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Oct 28, 2008 08:12 PM

The party lingers...but are you first out the door?

First off: I am not a misanthrope. Really.

Still, I find the long-lingering party to be one I wish to escape from. It has nothing to do with the company being charming v. crashing bores, the quality of food and wine, etc. It has simply to do with time. I am sometimes the first to call it a night. I like leaving earlier than most.

If I am invited for drinks and dinner, at a certain point post-dessert, post-coffee-and-conversation, I will get internally fidgety and want to close out the evening, or at least my participation in said evening. Three to four hours is sufficient in my opinion, to have discourse with one's fellow humans (See the thread with a similar stance and discussion, esp. the OP's musing on time:

How to exit, gracefully? I tried after 5 hours of a potluck last weekend to say farewell, only to be met with detours of thought and the long Midwest-Scandinavian goodbye. Forty-five minutes later, we were on our way, very tired.

Is being tired an adequate excuse to exit a get-together? Is three or four hours a sufficient time, or should one take other cues (i.e., waiting for someone else to leave and then making one's goodbyes on those coattails?) Is time of evening relevant - say, at midnight should we all still be gathered, or is it 10 pm or 2 am? Do other attendees find the first-to-go rude?

I love my friends and family, but I have this niggling little responsibility called my "real life," along with all its schedules and responsibilities. I will happily join in on social events, but the open-ended quit time is a problem for those of us who do not want to be among the last to go, or be made to feel *guilt* upon leaving first.

What do you attendees think of the first to leave? Gauche? Wise? Somewhere in-between? Or are you among the ones making an early exit? So curious.


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  1. I go on gut. If I find myself feeling tired, It means that I am not that into being there anymore or something about the affair is less then engaging. Also, I have never felt bad about being the first one to leave. If I know I am tight on time, I say so upon arriving and that I would love to stay longer but I have to leave at X. whats bad is the person that never leaves.....but thats another thread.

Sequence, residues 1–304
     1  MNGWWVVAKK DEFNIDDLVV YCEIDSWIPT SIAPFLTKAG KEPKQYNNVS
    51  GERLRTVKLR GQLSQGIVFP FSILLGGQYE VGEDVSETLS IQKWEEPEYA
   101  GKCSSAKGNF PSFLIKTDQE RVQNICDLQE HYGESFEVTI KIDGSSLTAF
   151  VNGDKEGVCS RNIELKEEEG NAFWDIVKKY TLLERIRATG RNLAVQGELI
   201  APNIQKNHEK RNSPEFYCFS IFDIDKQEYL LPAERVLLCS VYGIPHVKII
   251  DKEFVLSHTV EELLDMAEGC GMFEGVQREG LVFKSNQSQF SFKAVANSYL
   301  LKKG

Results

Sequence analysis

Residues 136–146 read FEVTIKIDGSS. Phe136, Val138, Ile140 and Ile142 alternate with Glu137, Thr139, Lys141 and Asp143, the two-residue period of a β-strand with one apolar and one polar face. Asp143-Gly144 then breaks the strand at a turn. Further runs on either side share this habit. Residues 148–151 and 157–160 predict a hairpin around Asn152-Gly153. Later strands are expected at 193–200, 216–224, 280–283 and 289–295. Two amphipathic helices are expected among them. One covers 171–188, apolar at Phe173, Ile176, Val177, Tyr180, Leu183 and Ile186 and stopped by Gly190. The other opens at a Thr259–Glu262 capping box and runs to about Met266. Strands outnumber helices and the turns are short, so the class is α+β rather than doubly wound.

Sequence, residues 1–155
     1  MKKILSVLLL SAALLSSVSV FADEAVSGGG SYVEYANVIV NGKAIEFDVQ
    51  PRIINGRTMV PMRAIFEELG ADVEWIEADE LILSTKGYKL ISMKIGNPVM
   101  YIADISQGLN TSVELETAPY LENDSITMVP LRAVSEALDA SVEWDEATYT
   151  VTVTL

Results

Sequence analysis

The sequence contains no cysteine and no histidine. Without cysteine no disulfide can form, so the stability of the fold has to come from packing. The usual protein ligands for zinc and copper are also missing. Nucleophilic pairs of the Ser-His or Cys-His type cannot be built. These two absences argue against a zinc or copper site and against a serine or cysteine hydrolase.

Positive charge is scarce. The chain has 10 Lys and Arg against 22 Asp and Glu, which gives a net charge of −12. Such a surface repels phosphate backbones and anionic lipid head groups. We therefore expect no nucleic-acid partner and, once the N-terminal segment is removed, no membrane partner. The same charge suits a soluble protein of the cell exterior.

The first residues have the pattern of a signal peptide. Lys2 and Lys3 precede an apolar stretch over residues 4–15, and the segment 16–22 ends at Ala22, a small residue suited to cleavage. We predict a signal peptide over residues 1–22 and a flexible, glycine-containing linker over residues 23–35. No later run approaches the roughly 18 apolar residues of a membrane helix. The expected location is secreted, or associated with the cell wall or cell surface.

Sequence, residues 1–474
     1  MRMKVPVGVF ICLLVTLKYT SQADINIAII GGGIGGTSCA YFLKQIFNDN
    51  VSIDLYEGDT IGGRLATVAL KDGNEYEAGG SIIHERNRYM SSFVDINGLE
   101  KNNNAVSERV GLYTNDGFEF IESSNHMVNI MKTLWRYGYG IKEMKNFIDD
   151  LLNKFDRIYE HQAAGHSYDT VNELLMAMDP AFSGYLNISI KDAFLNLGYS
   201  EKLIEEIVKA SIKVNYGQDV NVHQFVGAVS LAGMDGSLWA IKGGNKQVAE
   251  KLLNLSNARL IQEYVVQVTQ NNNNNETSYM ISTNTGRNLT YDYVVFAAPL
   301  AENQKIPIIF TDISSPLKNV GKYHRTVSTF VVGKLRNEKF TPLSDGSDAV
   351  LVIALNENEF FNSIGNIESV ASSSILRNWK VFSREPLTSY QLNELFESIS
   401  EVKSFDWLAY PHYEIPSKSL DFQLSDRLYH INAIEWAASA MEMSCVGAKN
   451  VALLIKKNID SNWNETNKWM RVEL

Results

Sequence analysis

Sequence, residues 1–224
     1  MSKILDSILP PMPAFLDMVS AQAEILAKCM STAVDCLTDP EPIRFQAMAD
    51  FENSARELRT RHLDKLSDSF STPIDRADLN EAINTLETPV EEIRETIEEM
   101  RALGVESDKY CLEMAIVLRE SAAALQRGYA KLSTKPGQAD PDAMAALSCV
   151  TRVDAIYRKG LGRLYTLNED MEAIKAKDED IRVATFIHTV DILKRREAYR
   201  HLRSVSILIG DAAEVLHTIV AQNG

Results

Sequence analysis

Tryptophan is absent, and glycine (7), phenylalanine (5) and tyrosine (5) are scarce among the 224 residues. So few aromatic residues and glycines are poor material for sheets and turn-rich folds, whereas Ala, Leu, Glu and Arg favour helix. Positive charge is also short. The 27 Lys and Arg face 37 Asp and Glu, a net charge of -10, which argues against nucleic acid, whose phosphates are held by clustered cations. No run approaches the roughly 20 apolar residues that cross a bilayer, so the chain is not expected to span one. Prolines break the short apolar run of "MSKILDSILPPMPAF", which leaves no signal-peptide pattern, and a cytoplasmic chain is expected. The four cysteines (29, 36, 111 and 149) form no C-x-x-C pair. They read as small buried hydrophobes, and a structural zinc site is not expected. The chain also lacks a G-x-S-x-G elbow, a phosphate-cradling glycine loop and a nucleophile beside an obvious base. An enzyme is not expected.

1. Hah, your hosts are silently thanking you. No wonder you get invited out so often!

      1. I think it depends on the venue. I can't drink, so if parties involve going to bars, I am usually one of the first to leave. I don't think it bothers anyone since they know I'll just get really cranky if I stay longer.

        As for home-based celebrations, I still think it's fine to be the first to leave if most of the celebrations are finished. I was friends with one couple that almost always bolted after an hour because the wife had a "headache," and that really began to annoy the hosts. They'd come for appetizers/dinner and she'd make her husband bail with her before dinner was even served. I find that behavior to be unacceptable. Usually even at home gatherings, I may leave first depending on the situation. I have one friend who calls me a Cinderella because I am rarely out after midnight.

        1. I usually have to be one of the first to leave a gathering--even if I am enjoying myself. I have to be at work at 6 A.M. and I don't usually have weekends off. Even if I am off the next day, odds are I've been up since 3:30 A.M. and are extremely tired. If somebody asks me to stay longer, I just remind them of my schedule. I just thank the host for a lovely time and say my good-byes.

          My schedule used to come in real handy before I was married as away to get out of bad dates. It still comes in handy with my family who's gatherings consist of everybody falling asleep on the couch. Even when I'm not working.

          1 Reply
          1. re: MrsT

            We are in the same situation. DH works breakfast so is up by 4:30 at the latest. Even on days off, he is falling asleep by 9. We are often the first to leave.

          2. Somebody has to be the first to leave, no?